Some people believe I am too happy. This has nothing to do with my very ordinary life, which is not perfect or enviable or full of unique and miraculous things. Nor does it reflect my last couple of weeks where I've had a miserable cold, been working too much, and fighting with my husband. My flaw is that I am happy nonetheless. It sounds ridiculous at first, like saying the sky is too blue, the falling snow too magical. Is it possible one can be too happy?
I am rarely accused directly, for the underlying implications would be rude to say out loud: being too happy suggests I am overly naïve, unwilling to see life realistically, or too stupid to get it. I continuously grapple with two diametrically opposed messages about happiness. Our make-believe culture – fictionalized life in movies, tv, ads, music, Disney World – portrays glossy smiles and silently suggests perpetual happiness is ideal but unattainable. “Real” culture -- in the news, talk and reality shows, documentaries, meaningful films -- typically describes unhappiness, highlighting pain, suffering, violence, injustice, bitterness, or struggle. Mindless movies end happy and sappy; award winners showcase the shadows, sorrows, and trials of life.
The message is Happiness = Escape, Denial, and Fantasy. Unhappiness = Reality and Awareness. Only the shallow or ill informed could possibly stay happy. Eyes wide open see the troubled Truth. If you’re not pissed off, you’re not paying attention, the bumper sticker admonishes.
I get more confused because those “real” stories often end with personal transformation, which I do value. I am told over and over again that suffering inspires growth. Happiness is an opiate, dulling our senses, while sorrow transforms. Hitting rock bottom leads to self-discovery. Images of disaster victims or dying soldiers awaken our otherwise dormant compassion. A crisis renews our troubled relationships. Very few of us have ever read German philosopher Friedrich Nietzsche, but his edict is everywhere: what doesn’t kill us makes us stronger.
Ironically science suggests that’s not really true. Happiness (feeling good about our life overall) and positivity (feeling good about the current moment) actually makes us stronger, or at least they’re linked to better health, relationships, creativity, and even work outcomes. Those who identify themselves as happy, optimistic, hopeful, or content seem to have lower incidence or severity of cardiovascular and pulmonary disease, diabetes, hypertension, colds, and upper-respiratory infections. When we eat or have sex we release the brain chemical dopamine, which activates feelings of pleasure; principles of evolution suggest pursuit of that joy perpetuates our species. Research shows positivity – collaborating, asking meaningful questions, exploring opportunities -- dramatically improves team performance. Psychologists say engaging with people and activities most important to us and using our personal strengths to serve a larger end – all life-enhancing acts -- makes us deeply happy.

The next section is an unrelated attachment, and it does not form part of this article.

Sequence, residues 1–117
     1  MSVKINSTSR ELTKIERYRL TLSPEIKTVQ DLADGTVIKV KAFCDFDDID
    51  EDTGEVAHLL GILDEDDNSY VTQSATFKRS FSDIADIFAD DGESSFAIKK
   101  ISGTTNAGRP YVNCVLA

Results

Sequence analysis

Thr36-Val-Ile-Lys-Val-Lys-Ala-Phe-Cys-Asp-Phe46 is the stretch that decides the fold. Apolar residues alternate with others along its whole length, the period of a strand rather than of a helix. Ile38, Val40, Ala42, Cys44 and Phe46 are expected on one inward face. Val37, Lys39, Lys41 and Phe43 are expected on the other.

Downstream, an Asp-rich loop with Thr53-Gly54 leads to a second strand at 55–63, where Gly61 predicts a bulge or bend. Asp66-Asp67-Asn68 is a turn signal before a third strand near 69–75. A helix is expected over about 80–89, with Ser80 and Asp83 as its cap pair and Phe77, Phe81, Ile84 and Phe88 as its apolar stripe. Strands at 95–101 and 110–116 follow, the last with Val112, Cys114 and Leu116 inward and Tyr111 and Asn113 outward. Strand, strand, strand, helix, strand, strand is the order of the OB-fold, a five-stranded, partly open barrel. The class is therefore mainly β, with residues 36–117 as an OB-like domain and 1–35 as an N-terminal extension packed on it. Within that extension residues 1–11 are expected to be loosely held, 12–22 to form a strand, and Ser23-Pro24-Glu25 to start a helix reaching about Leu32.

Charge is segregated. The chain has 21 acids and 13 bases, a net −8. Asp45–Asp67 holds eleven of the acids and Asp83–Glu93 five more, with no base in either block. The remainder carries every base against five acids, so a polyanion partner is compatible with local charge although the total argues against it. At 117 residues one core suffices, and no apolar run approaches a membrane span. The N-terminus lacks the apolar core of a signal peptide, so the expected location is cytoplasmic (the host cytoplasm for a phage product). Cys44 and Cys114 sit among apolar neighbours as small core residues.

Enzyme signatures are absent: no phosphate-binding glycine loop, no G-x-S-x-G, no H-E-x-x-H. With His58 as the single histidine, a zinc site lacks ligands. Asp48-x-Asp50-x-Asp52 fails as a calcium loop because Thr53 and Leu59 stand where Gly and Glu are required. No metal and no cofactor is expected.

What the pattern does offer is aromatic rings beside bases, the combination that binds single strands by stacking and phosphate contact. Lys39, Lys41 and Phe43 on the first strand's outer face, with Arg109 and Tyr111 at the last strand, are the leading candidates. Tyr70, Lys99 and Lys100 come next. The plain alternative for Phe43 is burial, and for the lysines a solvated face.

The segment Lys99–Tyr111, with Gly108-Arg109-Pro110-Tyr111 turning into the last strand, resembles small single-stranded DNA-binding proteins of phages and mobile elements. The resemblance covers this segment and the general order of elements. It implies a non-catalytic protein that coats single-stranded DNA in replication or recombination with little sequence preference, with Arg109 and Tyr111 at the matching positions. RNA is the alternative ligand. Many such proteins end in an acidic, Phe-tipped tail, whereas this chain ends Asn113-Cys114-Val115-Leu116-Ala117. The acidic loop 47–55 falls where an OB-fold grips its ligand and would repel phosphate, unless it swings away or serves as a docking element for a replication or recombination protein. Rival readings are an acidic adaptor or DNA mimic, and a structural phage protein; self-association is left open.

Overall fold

Current research echoes what spiritual voices have sung for ages: problems and pain may sound an alarm, but we truly evolve through joy, love, beauty, peace, creativity, compassion … happiness. We transform when we begin to rise from rock bottom. We grow through forgiveness, not the original injury. Acts of compassion, not more acts of violence, unravel injustice. We are born to be happy, whether biochemical impulse or spiritual seed. As we age and acquire a more varied and complex life, being happy becomes a personal choice, offered over and over again with each experience, nurtured by commitment and habit.
Scientists, physicians, and sages from every tradition offer the same advice. Every day, every moment, explicitly, and with purpose … Be mindful. Be kind. Be grateful. Spend time with those most precious, do work you love, and savor life’s pleasures. Forgive and let go. Take gentle care of yourself.
I’ve had some wild runs the last few years – death, serious illnesses, crashed relationships, shaky finances, loss, rapid-fire change … a good time to test the theory and look for the joy. More accurately, I’ve clung to joy like a blind woman stranded at sea who hopes she’s grabbing a raft and not a shark. Every day, every moment, I try to find a joy groove, like steering my tires along cleared tracks in the snow. Sometimes it’s easy – the traffic jam’s not moving anyway, so I put on some great music. Sometimes it’s uncomfortable – when everyone’s criticizing a political injustice that I, too, abhor, it’s embarrassing to express compassion for all sides. Sometimes finding the positive is just plain annoying, and I’d rather rant and rave after a tough day. Sometimes that joy groove runs alongside pain in equal measure; sitting bedside with my nephew in the hospital I forced myself to prompt the esoteric conversations we both love, acting as if he wasn’t sick at all, even while I silently feared for his life. And occasionally I must steer a gut-wrenching turn in the road, ending relationships, leaving jobs, and changing beliefs when I’m faced with the uncomfortable truth that they no longer serve me. Choosing happiness can be surprisingly hard, but every day I still choose to do it.
Psychologist Barbara Fredrickson suggests a tipping-point – if we conjure at least three positive thoughts or emotions to every episode of negativity, we spark a cascade of greater positivity and, more importantly, better actual results. In our relationships, our work, our perceptions, and our day-to-day experiences. When I find the joy groove I seem to step into the next moment, the next day, the next experience wiser, more energized … and happier.
Truth is I prefer “happier.” Maybe I am naïve or unrealistic or just plain stupid. Even so, I’ve decided there’s no such thing as too happy.